Its good to be back!

Wow Mid-March already! Where is this year going?

February was a really positive month for me. Training has been consistent with only a brief interruption due to a dose of the deadly man flu which I managed to survive. Just.

The injury that has plagued my off season seems to have finally disappeared and this has been down to a combination of things.

  • Sensible training. Not rushing to get back up to speed and building gradually to protect the injury and not risk having any further setbacks.
  • Regular treatment from Luton Osteopathy. Ensuring I am fit and well and ready to put my body under the strains of pre-season training.
  • Finally daily stretching and using the foam roller. I used to think I hadn’t got time to do this daily, perhaps I even managed to convince myself I didn’t need to. Needless to say it is now part of my daily routine and my legs and back have certainly thanked me for it. I am a convert!

Things went so well I decided to enter the Winchester 10km held on the 26th Feb. Those of you that know me well will know my nerdy side involves Vikings and Norse mythology. So a visit to Winchester was a good excuse for a race. Winchester is where Alfred the great defended England (OR more specially Wessex) from the Vikings.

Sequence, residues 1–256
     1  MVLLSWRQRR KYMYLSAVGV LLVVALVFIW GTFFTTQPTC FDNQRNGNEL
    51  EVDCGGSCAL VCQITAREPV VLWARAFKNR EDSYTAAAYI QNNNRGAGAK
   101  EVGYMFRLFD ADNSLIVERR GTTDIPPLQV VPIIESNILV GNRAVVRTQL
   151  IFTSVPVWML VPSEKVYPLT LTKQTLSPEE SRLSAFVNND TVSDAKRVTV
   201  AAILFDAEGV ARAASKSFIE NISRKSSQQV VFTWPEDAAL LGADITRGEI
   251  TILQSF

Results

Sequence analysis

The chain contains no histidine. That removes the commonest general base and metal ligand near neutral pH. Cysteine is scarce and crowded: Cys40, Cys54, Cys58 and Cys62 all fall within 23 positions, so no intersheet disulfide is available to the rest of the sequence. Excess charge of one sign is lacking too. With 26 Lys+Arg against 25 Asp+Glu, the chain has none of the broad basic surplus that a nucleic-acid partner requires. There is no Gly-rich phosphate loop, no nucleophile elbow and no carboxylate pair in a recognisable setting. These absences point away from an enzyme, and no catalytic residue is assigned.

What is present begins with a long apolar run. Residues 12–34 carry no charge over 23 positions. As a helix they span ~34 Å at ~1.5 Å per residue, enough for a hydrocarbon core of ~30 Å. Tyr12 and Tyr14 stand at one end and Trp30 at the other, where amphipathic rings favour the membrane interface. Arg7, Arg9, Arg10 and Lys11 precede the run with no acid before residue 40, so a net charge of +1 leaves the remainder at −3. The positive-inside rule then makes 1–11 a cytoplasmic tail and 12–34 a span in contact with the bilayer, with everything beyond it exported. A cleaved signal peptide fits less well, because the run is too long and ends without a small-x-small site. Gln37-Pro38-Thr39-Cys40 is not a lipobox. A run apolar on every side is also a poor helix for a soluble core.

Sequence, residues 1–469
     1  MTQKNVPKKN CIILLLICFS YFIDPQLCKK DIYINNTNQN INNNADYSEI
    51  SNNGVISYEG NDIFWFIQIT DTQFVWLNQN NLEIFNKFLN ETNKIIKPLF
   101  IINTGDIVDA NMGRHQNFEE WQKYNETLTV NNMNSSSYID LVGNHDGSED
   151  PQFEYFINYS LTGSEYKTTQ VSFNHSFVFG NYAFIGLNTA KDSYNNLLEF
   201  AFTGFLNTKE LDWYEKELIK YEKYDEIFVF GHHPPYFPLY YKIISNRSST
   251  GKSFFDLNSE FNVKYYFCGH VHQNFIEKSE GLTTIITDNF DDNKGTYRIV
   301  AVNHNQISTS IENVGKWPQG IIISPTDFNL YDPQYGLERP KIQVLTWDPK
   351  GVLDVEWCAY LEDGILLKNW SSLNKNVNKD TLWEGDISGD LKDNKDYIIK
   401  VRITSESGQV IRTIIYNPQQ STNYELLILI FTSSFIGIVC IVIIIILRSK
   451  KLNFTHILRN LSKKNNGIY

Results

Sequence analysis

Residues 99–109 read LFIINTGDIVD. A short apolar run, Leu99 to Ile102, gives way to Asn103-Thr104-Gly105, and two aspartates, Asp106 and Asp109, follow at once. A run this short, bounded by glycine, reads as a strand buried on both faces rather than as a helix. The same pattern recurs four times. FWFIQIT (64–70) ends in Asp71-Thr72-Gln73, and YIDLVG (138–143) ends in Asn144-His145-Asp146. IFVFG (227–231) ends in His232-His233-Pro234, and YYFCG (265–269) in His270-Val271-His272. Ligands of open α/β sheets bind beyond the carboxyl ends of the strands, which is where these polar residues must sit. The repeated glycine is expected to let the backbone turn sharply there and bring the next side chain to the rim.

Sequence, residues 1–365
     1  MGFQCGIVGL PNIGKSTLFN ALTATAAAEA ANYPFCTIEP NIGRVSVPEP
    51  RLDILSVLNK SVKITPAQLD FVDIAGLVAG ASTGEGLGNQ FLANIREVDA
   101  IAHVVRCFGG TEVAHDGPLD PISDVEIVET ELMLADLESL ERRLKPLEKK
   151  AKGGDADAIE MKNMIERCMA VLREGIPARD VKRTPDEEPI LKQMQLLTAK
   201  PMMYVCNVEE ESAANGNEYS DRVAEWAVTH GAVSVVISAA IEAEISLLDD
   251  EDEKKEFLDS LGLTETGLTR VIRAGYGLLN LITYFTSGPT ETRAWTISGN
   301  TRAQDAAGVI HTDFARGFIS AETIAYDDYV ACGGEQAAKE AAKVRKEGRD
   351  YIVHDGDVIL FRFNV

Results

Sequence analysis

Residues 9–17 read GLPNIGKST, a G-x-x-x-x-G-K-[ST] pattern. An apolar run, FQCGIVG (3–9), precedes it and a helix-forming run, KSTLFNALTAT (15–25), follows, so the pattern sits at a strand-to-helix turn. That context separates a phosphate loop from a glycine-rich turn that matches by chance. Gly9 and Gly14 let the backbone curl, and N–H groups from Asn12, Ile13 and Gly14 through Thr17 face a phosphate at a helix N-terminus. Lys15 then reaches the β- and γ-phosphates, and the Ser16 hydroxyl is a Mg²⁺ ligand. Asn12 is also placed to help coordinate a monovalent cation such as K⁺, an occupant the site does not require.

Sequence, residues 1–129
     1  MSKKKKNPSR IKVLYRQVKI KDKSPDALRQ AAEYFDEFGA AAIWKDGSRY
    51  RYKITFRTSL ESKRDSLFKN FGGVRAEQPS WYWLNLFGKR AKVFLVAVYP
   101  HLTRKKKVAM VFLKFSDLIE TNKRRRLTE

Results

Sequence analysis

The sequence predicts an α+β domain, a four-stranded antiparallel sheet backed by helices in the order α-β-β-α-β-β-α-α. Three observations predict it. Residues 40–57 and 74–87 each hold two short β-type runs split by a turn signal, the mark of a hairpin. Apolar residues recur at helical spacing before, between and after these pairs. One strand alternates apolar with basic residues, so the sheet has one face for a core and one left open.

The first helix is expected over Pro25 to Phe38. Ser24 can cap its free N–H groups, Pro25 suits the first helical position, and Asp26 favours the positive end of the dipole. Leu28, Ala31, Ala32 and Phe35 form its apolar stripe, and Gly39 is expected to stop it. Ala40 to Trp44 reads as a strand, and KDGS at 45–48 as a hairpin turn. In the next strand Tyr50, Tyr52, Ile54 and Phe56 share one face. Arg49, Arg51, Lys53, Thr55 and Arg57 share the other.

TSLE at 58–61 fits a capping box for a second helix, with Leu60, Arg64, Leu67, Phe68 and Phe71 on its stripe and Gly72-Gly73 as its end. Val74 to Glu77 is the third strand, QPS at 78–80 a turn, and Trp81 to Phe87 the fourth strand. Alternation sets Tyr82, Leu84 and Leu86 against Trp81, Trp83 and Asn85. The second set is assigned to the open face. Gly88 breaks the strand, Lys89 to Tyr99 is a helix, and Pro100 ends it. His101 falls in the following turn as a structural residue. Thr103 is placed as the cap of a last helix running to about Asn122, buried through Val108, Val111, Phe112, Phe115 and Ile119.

The race itself went well. A great course and a really well organised event saw me finish 38th out of 900+ entrants. The time was 40:15 which is over 3 minutes away from my PB but the important thing was that I raced pain free for the first time in two years. Brilliant T Shirt and Medal too! (Viking related of course)

 

The final week of February featured a visit to Alex @ Insight Nutrition. I had feared the worse but actually I was pleasantly surprised. I left feeling boosted by my visit and a nice finish to February.

Before I got injured I made plans for my 2017 season. My main focus is of course to qualify for and represent GB in Rotterdam in the World finals in September. My “B” goal is much the same but for the ETU Europeans next year. A sub goal was to qualify for GB ITU Duathlon.

My one shot at this sub goal was 12th March at the Bedford Duathlon. Based on not being 100% fit and not having the best preparation over Winter I was not overly hopeful at achieving this goal and certainly wasn’t looking forward to the event. I was put off even more when I woke up and saw the rain lashing down. However, I decided to pull my finger out and race, if nothing else it would act as a line in the sand to understand where I am in the road back to fitness. This would also be my first race in a draft legal race, so good practice for the rest of the season. One less thing to get disqualified for!

The weather didn’t improve much and transition was wet and grey, it was clear that the competition on the day would be fierce. I prepared my Transition area and retreated to the warmer pit lane buildings to keep warm and await the start of the race. After a brief warm up and race brief we were called to the start line.

Bedford Duathlon – Race review

Format: 5km run \ 20km Bike \ 2.5km run.

Organiser: NiceTri Events

The horn sounded and we were off. I followed my coaches’ advice and hit the first 5km run hard and came in just under 18 minutes (17:58). I was really happy with that considering my lack on running over the last few months!